THIS STORY HAS BEEN FORMATTED FOR EASY PRINTING

Ethics inquiry not tied to resignation, pension, sheriff says

James V. DiPaola, 57, said he will step down as Middlesex County sheriff in January. James V. DiPaola, 57, said he will step down as Middlesex County sheriff in January. (Jodi Hilton for The Boston Globe)
By Sean P. Murphy and Andrea Estes
Globe Staff / November 23, 2010

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Middlesex County Sheriff James V. DiPaola acknowledged yesterday a State Ethics Commission investigation into the sheriff’s office, but said it had nothing to do with his decision to abandon plans to serve a third full term in office while collecting his $98,000 state pension.

DiPaola, who told the Globe Saturday that he would resign after being sworn in in January, said the Ethics Commission is investigating whether sheriff’s office employees were fund-raising for his political committee, which state law forbids.

“When it comes out, I am confident it will find no wrongdoing on my part,’’ DiPaola said. “Nothing happened under my direction.’’

DiPaola said he expected the Ethics Commission matter to be concluded in about a month.

Spokesmen for the Ethics Commission and the state Office of Campaign and Political Finance, which regulates fund-raising by political candidates, declined to comment yesterday, saying they could neither confirm nor deny any inquiries.

DiPaola, 57, a Democrat, quietly submitted his paperwork for retirement Oct. 28, to be effective the next day. But he continued to fulfill the duties of sheriff, informing neither his staff nor Middlesex County voters, who overwhelmingly returned him to office in the Nov. 2 election.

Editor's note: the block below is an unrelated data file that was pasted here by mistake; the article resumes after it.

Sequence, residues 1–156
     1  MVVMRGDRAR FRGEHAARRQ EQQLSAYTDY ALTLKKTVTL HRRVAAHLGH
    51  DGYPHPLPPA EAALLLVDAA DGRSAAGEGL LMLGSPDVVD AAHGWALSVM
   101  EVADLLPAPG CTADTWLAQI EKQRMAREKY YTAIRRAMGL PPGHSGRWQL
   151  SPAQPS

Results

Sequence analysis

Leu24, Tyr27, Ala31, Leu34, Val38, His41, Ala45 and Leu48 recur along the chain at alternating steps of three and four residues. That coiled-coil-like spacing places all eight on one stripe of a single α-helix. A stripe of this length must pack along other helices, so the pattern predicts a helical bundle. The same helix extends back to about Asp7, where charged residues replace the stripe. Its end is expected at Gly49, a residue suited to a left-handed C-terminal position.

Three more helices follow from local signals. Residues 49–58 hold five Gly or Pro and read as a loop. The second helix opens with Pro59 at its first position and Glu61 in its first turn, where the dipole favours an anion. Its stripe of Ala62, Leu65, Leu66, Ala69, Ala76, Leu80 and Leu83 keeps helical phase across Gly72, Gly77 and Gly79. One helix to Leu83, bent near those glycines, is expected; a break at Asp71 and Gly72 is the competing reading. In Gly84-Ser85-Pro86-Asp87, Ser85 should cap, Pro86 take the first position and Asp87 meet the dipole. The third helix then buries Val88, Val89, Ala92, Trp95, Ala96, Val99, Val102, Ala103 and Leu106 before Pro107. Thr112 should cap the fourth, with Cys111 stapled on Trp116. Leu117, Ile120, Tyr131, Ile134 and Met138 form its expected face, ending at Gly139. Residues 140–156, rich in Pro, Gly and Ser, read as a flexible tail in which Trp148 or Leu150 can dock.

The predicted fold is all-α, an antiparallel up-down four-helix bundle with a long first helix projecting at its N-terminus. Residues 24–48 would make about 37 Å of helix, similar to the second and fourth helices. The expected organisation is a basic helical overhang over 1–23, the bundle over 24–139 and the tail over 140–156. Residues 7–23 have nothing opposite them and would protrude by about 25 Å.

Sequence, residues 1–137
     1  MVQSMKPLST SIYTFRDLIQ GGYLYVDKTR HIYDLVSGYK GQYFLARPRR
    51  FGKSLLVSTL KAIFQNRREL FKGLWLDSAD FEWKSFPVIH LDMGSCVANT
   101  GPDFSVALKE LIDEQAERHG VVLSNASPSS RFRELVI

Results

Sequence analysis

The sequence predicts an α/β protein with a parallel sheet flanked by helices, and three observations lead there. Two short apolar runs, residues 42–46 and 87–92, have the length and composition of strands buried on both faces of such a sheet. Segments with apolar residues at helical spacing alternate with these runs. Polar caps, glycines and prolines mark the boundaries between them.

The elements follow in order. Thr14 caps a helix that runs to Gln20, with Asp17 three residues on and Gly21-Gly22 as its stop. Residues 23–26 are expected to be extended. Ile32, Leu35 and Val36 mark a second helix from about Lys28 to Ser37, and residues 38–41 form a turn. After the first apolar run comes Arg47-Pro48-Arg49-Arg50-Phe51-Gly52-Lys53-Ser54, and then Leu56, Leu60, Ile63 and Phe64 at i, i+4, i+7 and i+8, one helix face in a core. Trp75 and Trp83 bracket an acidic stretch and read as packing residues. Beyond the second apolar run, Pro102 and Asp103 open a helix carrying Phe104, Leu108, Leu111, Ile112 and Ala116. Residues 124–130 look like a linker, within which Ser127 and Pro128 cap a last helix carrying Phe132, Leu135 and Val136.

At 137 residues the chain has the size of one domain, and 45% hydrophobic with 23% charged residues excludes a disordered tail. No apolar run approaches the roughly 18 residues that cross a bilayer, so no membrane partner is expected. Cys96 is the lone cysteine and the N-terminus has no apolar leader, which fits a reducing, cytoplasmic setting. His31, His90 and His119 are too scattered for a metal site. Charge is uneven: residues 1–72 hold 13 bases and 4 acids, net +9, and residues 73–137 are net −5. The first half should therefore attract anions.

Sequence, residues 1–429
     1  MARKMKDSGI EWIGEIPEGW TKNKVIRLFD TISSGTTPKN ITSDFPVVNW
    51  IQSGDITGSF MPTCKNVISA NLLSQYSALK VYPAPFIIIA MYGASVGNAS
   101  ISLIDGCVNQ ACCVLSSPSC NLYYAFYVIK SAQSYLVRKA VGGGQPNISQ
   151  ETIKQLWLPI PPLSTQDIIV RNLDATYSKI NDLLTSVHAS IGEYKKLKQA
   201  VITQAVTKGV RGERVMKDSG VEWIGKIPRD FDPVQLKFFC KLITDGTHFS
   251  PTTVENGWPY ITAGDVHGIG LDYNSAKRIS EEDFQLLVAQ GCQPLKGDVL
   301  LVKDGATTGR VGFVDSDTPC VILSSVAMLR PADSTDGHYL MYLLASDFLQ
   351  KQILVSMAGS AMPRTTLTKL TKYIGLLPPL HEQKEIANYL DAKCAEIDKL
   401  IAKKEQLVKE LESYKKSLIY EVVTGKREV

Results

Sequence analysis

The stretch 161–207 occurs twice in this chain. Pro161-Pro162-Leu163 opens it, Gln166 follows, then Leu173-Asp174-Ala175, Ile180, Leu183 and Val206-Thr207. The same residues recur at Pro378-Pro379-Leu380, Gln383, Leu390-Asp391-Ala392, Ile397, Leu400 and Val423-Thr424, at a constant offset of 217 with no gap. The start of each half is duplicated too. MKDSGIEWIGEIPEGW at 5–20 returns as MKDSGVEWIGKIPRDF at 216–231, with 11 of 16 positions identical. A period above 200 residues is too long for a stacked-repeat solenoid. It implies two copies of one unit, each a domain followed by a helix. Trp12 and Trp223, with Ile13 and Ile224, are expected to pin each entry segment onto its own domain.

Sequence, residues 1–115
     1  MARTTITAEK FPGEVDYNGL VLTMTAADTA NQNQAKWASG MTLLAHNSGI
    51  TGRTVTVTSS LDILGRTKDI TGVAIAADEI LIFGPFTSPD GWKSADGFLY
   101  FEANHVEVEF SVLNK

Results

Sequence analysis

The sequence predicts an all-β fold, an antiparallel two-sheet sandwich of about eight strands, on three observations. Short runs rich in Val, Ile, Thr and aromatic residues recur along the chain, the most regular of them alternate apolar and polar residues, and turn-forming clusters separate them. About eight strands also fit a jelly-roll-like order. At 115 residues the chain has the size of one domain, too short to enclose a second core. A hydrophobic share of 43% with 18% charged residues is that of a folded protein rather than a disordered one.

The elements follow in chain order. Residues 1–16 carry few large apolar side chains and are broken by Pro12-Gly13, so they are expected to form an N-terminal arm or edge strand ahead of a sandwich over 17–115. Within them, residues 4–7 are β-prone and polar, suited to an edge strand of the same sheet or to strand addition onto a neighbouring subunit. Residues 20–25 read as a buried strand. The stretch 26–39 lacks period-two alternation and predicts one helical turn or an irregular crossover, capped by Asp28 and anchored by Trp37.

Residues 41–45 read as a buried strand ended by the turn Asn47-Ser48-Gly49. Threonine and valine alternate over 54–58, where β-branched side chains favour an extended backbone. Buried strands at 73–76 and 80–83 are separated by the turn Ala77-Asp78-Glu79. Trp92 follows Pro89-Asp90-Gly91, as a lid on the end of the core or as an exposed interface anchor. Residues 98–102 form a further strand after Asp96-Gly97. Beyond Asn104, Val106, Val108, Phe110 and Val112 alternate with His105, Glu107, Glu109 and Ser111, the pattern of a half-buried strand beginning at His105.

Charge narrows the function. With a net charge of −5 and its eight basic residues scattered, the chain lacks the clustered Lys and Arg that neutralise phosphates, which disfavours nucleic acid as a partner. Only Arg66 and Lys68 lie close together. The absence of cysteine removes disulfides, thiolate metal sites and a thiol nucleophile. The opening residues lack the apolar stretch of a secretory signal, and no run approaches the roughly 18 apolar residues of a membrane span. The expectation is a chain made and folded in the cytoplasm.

His original plan was to remain in office while collecting both his $123,000 salary and his $98,500 pension. Only because he was retired, strictly speaking, on Election Day could he receive both, a loophole Governor Deval Patrick has now vowed to close.

On Friday evening, when questioned about double-dipping by a Globe reporter, DiPaola defended his actions, saying it was legal.

But then he had second thoughts. On Saturday morning, he called back the reporter and said he would instead retire for real, effective Jan. 6, and take his pension.

Because continuing as sheriff would have paid him about $25,000 more annually than his pension, DiPaola concluded it was not worth it to remain in office, he said.

DiPaola also reacted yesterday to a report Sunday on Fox 25 that quoted an unnamed former employee as saying DiPaola pocketed campaign contributions and had employees use official vehicles to pick him up on occasions when he had been out drinking.

“That report had nothing to do with my decision to leave,’’ he said. “The pension thing hit me in the gut in a way that I knew it was time to get out.’’

The Fox report was based on the words of a former employee, who previously made the same allegations in a sworn deposition. That deposition was taken in a lawsuit brought by a former employee against the sheriff’s office.

DiPaola said the suit was settled before trial with the sheriff’s office paying some money to the plaintiff but with no findings of wrongdoing.

DiPaola declined to provide more details about the suit, citing a confidentiality agreement.

Corey Welford, a spokesman for Attorney General Martha Coakley, said the office launched an investigation yesterday into the allegations.

Sean Murphy can be reached at smurphy@globe.com. Andrea Estes can be reached at estes@globe.com.